September 8, 2015 – A few weeks ago, the foodie world was abuzz when Bon Appétit magazine broke the news of seaweed that tasted like bacon, quoting Oregon State University researchers who are working to cultivate and prepare what has been dubbed “the Holy Grail of seafood.”
What Bon Appétit and other news outlets didn’t report is that a Moss Landing Marine Labs professor has just started growing and selling the very same seaweed—and it’s available nowhere else but here.
In fact, says MLML’s Dr. Michael Graham, he was delivering his first few packages of raw dulse to local CSF Real Good Fish about the time the story hit the national media. Good timing indeed.
Dulse (rhymes with pulse) is touted as a guilt-free superfood that has all the flavor of bacon without the calories, fat or animal flesh, but like other seaweeds, contains healthy helpings of protein, fiber, antioxidants, and trace minerals.
Graham is growing the feathery red seaweed in large bubbling tanks in Moss Landing, using nothing but pumped-in water from the bay and sunlight to make it grow. Under these conditions, dulse will double in size in a week, giving Graham a generous supply.
He formed Sustainable Seaculture Technologies LLC three years ago with partner Ross Clark; Graham’s wife, Erica, is the operations manager, and his 16-year-old son helps package the product.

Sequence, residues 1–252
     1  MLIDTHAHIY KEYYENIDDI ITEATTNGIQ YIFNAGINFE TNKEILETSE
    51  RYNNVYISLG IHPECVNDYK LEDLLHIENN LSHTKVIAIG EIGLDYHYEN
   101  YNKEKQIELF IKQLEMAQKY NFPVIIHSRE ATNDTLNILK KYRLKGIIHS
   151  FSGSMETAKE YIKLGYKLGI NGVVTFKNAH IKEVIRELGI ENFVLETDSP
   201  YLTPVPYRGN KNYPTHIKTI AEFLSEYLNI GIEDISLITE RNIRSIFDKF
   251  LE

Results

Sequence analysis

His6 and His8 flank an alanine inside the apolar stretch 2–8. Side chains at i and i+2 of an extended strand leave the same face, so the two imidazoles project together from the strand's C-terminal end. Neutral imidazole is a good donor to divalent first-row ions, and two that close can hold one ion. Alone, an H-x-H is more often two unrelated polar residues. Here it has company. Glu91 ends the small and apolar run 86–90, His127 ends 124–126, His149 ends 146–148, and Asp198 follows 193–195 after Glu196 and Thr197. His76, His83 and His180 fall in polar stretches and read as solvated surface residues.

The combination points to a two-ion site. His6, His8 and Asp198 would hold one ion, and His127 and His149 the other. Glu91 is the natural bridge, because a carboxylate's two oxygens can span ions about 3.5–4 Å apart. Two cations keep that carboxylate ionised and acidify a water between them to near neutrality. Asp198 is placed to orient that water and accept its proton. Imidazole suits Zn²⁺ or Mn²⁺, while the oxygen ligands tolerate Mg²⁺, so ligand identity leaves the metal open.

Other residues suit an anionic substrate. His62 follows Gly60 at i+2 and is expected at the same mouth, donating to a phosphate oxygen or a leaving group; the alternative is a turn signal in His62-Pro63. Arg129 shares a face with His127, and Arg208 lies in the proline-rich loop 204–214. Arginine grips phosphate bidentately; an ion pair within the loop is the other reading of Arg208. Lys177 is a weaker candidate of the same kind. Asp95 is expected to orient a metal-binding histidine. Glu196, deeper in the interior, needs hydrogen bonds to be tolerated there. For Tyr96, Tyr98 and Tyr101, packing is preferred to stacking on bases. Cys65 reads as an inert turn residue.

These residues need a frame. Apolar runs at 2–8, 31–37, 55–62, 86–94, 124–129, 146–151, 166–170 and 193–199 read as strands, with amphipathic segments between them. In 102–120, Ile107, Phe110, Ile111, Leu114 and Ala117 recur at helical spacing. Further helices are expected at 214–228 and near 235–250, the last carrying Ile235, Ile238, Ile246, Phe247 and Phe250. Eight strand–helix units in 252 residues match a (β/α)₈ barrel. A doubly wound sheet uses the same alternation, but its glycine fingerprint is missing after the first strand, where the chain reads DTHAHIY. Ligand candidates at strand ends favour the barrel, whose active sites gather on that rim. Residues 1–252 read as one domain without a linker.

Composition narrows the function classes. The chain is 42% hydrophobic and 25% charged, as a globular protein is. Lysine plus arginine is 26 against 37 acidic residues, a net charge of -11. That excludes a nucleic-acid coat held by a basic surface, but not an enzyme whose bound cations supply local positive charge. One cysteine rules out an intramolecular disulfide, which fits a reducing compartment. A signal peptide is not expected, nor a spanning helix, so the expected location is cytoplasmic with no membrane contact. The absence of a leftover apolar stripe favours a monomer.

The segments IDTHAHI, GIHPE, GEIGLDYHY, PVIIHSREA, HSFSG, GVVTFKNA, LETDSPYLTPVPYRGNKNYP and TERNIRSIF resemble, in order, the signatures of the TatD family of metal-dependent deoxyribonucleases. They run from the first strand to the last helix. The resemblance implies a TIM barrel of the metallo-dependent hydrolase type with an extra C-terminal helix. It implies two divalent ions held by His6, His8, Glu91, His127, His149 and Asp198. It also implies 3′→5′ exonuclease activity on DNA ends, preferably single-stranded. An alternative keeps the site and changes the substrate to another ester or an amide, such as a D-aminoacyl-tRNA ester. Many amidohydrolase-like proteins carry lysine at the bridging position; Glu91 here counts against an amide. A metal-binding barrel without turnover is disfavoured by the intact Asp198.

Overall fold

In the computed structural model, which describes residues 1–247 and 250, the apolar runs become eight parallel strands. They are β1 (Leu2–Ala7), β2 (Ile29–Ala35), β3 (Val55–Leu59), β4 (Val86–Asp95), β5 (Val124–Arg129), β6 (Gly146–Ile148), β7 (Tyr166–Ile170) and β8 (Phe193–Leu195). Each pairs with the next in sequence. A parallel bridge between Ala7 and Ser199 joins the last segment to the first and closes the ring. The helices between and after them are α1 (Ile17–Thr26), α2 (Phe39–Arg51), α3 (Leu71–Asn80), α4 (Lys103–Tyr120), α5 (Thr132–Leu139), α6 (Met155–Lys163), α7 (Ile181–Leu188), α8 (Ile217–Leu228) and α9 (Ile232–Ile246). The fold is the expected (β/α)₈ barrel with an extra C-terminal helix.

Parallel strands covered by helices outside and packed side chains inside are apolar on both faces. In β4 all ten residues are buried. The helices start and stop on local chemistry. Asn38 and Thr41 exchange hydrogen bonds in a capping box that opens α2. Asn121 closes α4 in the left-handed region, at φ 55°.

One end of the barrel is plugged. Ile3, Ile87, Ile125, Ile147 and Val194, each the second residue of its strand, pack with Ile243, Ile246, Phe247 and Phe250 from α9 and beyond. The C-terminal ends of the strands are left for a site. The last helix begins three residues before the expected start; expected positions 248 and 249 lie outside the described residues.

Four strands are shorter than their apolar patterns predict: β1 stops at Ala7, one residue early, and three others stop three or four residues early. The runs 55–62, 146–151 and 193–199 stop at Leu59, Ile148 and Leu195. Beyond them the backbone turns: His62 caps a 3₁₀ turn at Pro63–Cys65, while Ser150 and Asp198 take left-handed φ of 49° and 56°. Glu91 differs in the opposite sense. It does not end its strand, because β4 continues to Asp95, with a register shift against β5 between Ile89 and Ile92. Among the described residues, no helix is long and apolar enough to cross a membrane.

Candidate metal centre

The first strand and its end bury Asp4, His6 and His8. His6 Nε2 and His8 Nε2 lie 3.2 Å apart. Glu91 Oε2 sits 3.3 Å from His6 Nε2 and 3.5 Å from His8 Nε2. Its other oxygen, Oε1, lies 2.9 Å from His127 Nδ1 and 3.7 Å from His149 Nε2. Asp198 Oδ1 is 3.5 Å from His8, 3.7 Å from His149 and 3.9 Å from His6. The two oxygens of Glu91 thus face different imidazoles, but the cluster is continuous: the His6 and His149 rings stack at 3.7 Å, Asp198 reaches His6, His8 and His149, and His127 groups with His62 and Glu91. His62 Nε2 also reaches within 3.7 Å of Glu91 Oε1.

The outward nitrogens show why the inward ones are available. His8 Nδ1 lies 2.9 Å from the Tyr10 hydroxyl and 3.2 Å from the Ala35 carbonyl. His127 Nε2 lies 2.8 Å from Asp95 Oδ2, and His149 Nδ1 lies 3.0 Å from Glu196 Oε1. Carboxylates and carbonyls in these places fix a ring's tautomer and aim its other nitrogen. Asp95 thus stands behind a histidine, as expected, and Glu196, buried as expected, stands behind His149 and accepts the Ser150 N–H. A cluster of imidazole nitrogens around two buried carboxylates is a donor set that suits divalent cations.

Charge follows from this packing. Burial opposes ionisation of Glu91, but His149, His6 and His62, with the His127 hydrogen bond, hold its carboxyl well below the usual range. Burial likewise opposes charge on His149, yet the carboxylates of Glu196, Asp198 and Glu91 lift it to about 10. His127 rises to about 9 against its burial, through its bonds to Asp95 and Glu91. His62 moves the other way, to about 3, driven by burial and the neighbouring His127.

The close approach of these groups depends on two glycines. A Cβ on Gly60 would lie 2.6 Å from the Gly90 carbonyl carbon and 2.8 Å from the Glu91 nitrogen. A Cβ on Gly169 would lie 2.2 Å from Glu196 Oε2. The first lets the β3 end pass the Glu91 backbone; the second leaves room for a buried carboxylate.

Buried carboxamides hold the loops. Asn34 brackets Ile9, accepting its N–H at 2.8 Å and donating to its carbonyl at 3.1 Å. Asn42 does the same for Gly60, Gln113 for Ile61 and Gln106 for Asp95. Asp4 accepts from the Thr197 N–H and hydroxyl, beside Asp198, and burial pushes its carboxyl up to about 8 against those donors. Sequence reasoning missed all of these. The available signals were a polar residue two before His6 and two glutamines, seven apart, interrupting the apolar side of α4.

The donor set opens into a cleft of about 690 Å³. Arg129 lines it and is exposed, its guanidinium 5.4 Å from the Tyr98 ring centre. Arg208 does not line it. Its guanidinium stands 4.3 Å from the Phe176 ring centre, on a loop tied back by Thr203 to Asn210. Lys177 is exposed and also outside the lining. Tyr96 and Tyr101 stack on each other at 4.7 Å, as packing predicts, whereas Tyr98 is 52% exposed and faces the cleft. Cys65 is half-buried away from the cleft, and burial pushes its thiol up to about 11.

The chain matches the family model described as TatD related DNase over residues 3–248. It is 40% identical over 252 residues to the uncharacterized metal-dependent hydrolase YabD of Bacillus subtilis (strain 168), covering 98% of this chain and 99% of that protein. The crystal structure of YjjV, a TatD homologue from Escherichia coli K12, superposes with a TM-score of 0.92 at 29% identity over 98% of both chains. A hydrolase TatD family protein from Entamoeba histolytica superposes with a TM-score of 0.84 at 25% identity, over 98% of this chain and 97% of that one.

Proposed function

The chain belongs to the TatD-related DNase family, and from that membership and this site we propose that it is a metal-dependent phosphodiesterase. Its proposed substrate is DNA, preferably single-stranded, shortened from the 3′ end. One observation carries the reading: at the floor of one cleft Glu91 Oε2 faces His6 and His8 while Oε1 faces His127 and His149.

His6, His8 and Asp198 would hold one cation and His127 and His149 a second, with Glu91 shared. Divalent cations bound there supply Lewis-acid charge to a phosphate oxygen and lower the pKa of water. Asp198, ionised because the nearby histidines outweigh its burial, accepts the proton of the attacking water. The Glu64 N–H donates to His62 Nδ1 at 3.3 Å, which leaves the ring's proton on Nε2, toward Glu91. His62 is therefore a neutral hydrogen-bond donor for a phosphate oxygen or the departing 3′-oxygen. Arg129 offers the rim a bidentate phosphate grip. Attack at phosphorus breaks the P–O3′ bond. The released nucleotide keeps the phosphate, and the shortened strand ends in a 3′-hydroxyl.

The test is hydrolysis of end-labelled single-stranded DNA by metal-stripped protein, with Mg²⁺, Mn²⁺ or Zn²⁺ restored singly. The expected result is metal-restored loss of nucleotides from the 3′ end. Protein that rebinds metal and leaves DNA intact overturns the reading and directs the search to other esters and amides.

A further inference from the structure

Graham points out that dulse is nothing new—it’s similar to seaweeds that have been eaten by humans for thousands of years—and it’s widely available in the United States as a dried product. “It’s field harvested on the East Coast, dried and shipped dry,” said Graham. In its dry form, “It’s kind of leathery.”
What Graham wants is to promote dulse in the raw.
“It takes no fertilizer, no chemicals, and it’s sustainable,” said Graham. “That’s the cool part about it.”
He’s now selling dulse as “Monterey Bay Reds” in a 2-ounce zip pouch. The seaweed is rinsed in brine to help maintain freshness before packaging, and will keep about a week in the refrigerator. To use it raw, simply rinse under the tap and chop or shred as desired; to bring out the bacon flavor, fry until crispy.
You could dry it to make it last longer, but as Graham puts it, “That kind of defeats the purpose.”
Graham sees dulse as an interesting addition to familiar foods like soups and salads, either as a raw product or fried to bring out the much-touted bacon flavor. Frying it “brings out the salt,” he said, which is what he thinks contributes to that taste.
Graham is now handing out samples to a few select restaurants around the Monterey Bay so their chefs can try it out; “Right now, no one knows exactly what to do with it,” he said. He sees raw dulse as something that would inspire more creative food purveyors, and would be a natural for sushi restaurants and salad bars.
He and Erica are also developing recipes and are hoping to eventually make a pre-packaged “sea slaw” available. He’s delivering about 20 packages a week to Real Good Fish for distribution to customers, and is planning to make larger amounts available to restaurants upon request.
The company website includes two recipes and sells the dulse directly to consumers for $3.00 per package, plus $15 for shipping. www.sustainableseaculture.com.
For lots of information on how to forage for healthy seaweed in the Monterey Bay area see the fall issue of Edible Monterey Bay and John Cox’s story Tidal Treasures.
Kathryn McKenzie, who grew up in Santa Cruz and now lives on a Christmas
tree farm in north Monterey County, writes about sustainable living,
home design and health for numerous publications and websites.